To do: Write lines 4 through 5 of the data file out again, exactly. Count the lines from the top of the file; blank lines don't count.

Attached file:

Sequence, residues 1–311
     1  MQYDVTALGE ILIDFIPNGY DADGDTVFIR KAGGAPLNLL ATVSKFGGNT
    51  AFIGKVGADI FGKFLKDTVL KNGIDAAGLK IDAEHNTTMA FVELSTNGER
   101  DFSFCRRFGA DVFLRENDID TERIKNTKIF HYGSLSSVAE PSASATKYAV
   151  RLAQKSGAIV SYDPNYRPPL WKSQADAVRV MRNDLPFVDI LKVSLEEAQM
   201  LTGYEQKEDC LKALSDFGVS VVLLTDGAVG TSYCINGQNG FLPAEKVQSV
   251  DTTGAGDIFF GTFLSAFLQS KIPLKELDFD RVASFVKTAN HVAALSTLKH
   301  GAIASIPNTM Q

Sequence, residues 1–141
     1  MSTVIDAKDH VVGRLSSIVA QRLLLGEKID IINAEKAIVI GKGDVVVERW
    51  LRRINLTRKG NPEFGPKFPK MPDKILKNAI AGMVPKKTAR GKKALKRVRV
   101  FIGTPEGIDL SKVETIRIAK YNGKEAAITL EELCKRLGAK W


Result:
   101  DFSFCRRFGA DVFLRENDID TERIKNTKIF HYGSLSSVAE PSASATKYAV
   151  RLAQKSGAIV SYDPNYRPPL WKSQADAVRV MRNDLPFVDI LKVSLEEAQM